Conforming to the previous decision of the MNB’s Financial Stability Board, the capital requirement for systemically important institutions has become effective from 2017 and will gradually increase over a four-year period, the National Bank of Hungary (MNB) announced. According to the central bank’s annual review, it is not warranted to change the original schedule; therefore the capital buffer requirement will increase in 2018 as planned. With the gradual approach the MNB in addition to maintaining financial stability supports lending as well.
Potential financial difficulties faced by systemically important institutions may pose a threat to the functioning of the financial intermediary system through contagion effects, and may indirectly lead to problems for the real economy as well. For this reason, the MNB closely monitors their operation in line with EU legislation and at least annually reviews the rates of the specific capital buffers introduced to strengthen their resilience to shocks. In 2017, the MNB identified eight other systemically important institutions (O-SIIs), the same institutions as last year.
In order to strengthen their resilience to shocks, from 2017, the MNB has started to set capital buffer requirements for the institutions affected in the range of 0.5 to 2 percent, which will increase gradually until 2020. In 2018, according to the decision of the MNB’s Financial Stability Board, the capital buffer rates will increase along the phase-in path announced last year. The schedule defined is consistent with international regulatory practices. The adjustment period is expected to enhance financial stability, and, in addition, to contribute to the current pick-up in lending. It also allows sufficient time for the preparation of institutions concerned to meet their obligations.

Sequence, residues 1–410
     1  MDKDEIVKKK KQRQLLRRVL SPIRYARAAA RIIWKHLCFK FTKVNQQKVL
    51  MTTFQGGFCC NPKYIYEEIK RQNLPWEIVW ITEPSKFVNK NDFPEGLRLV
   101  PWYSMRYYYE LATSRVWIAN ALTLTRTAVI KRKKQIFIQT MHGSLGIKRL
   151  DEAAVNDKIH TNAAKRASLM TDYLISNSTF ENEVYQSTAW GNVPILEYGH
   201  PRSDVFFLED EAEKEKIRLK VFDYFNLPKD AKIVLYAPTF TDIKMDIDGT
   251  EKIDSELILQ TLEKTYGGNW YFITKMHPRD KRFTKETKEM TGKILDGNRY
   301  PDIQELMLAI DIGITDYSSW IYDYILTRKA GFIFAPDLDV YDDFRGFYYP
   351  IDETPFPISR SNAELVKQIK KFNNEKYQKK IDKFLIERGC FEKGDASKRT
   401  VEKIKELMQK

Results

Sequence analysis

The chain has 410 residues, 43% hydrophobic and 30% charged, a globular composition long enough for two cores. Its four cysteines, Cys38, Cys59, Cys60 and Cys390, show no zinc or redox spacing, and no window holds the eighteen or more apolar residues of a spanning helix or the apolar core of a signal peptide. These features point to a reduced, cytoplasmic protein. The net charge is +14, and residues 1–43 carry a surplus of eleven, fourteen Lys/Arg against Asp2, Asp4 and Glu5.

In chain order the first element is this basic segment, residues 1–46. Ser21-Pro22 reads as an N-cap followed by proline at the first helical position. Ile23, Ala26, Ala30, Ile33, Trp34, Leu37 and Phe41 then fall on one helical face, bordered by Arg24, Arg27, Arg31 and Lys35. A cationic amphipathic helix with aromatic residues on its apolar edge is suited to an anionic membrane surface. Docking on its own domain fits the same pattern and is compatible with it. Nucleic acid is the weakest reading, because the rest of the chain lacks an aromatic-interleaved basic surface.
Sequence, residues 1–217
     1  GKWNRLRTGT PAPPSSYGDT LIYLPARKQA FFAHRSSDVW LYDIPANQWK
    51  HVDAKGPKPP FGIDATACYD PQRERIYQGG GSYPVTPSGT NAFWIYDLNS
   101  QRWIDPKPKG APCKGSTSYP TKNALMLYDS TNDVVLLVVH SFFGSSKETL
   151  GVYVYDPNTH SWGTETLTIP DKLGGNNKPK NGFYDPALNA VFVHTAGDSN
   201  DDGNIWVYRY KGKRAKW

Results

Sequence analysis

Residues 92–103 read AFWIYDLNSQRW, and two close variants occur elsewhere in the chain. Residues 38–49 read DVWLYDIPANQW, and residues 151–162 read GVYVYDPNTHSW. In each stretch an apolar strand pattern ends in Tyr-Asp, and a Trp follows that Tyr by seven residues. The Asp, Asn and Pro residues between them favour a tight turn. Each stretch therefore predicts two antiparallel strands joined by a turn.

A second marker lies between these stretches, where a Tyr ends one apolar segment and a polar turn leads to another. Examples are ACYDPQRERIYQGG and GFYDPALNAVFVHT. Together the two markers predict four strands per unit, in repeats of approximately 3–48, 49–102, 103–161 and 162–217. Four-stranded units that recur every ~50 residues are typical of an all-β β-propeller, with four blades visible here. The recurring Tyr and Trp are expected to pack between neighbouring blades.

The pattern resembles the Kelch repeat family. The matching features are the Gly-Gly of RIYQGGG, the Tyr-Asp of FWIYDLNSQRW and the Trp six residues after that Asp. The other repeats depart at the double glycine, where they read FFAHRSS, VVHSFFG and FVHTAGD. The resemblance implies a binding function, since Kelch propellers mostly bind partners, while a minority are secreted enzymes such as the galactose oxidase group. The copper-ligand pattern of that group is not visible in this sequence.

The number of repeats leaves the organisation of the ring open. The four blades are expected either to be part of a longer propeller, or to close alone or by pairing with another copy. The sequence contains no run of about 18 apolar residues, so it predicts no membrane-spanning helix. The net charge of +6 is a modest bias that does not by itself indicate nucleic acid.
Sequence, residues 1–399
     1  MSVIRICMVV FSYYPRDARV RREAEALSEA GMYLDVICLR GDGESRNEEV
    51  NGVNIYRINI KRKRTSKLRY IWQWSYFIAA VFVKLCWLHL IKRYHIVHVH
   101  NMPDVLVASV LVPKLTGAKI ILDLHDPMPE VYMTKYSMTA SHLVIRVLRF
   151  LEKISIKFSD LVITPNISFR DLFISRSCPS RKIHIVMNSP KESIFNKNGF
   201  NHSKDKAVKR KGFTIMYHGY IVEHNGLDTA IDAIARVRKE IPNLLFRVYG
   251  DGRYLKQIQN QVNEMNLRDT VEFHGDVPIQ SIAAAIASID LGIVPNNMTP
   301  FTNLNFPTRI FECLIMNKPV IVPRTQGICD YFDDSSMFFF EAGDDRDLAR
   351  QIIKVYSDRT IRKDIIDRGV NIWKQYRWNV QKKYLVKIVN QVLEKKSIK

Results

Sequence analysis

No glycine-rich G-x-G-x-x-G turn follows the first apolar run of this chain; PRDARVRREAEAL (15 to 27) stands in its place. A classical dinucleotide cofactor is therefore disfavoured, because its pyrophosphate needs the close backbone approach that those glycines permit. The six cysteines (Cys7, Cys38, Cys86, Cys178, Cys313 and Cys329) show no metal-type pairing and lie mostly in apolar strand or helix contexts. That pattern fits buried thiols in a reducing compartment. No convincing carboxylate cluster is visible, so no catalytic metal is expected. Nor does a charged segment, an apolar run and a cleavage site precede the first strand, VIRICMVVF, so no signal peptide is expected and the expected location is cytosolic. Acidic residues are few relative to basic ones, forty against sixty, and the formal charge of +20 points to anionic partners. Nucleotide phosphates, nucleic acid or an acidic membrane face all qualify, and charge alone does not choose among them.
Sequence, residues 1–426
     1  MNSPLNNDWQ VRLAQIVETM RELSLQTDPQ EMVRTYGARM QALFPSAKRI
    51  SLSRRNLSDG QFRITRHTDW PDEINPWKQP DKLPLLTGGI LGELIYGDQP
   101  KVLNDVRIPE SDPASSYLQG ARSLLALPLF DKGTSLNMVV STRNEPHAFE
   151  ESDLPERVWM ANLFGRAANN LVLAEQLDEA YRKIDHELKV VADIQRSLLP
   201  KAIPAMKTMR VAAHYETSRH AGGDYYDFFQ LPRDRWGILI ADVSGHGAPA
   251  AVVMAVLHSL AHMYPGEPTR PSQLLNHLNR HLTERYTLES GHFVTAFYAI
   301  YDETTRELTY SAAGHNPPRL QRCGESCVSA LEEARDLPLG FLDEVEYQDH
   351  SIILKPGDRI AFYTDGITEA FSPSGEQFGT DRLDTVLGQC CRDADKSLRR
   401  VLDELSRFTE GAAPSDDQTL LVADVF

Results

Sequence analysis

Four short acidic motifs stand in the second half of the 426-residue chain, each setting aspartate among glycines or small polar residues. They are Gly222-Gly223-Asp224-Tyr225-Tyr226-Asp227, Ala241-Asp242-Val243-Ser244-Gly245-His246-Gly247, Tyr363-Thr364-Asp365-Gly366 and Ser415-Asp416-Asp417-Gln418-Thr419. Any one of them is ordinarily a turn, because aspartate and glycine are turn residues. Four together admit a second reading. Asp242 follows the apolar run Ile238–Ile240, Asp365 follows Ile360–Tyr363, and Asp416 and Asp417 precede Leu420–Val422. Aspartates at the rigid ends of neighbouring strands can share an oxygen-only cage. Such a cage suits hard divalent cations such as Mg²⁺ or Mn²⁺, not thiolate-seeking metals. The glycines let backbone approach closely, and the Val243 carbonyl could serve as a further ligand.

Identification of other systemically important institutions and the applicable capital buffer
The MNB identifies and annually reviews the list of globally and other systemically important credit institutions and investment firms based in Hungary, and if necessary, imposes an additional capital buffer requirement on these institutions while continuously monitoring their operation.
Improving the loss-absorption capacity of systemically important institutions is a preventive macroprudential tool intended to limit the severe contagion effects stemming from the insolvency or stress situation of systemically important institutions.
The purpose of the buffers is to lower the probability of negative external financial and real economy effects generated by the stress situation of important institutions (as well as the costs to be incurred by the state budget during the prevention of such effects).
The requirement may curtail the misaligned motivation of managers and owners of capital arising from the moral hazard problem, as a higher "skin in the game" may prompt stakeholders to reduce the extent of their risk-taking.
On the negative side, banking operations may become more expensive due to the increase in the cost of funds. Imposing the surcharge may reconfirm the institution's priority status both for the relevant institution and its creditors, which could give rise to a special kind of moral hazard, as it increases their expectations about a funding subsidy in the event of a default. This risk, however, is considerably reduced by the uniform resolution framework (BRRD) harmonised at the EU level (e.g.: through bail-in).